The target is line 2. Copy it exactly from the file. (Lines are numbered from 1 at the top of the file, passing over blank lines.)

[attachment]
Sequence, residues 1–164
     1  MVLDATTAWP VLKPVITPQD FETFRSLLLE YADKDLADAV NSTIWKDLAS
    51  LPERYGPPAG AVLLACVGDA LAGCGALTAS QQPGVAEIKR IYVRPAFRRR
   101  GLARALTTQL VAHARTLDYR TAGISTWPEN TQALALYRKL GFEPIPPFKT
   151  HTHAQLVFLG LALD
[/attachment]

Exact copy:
     1  MVLDATTAWP VLKPVITPQD FETFRSLLLE YADKDLADAV NSTIWKDLAS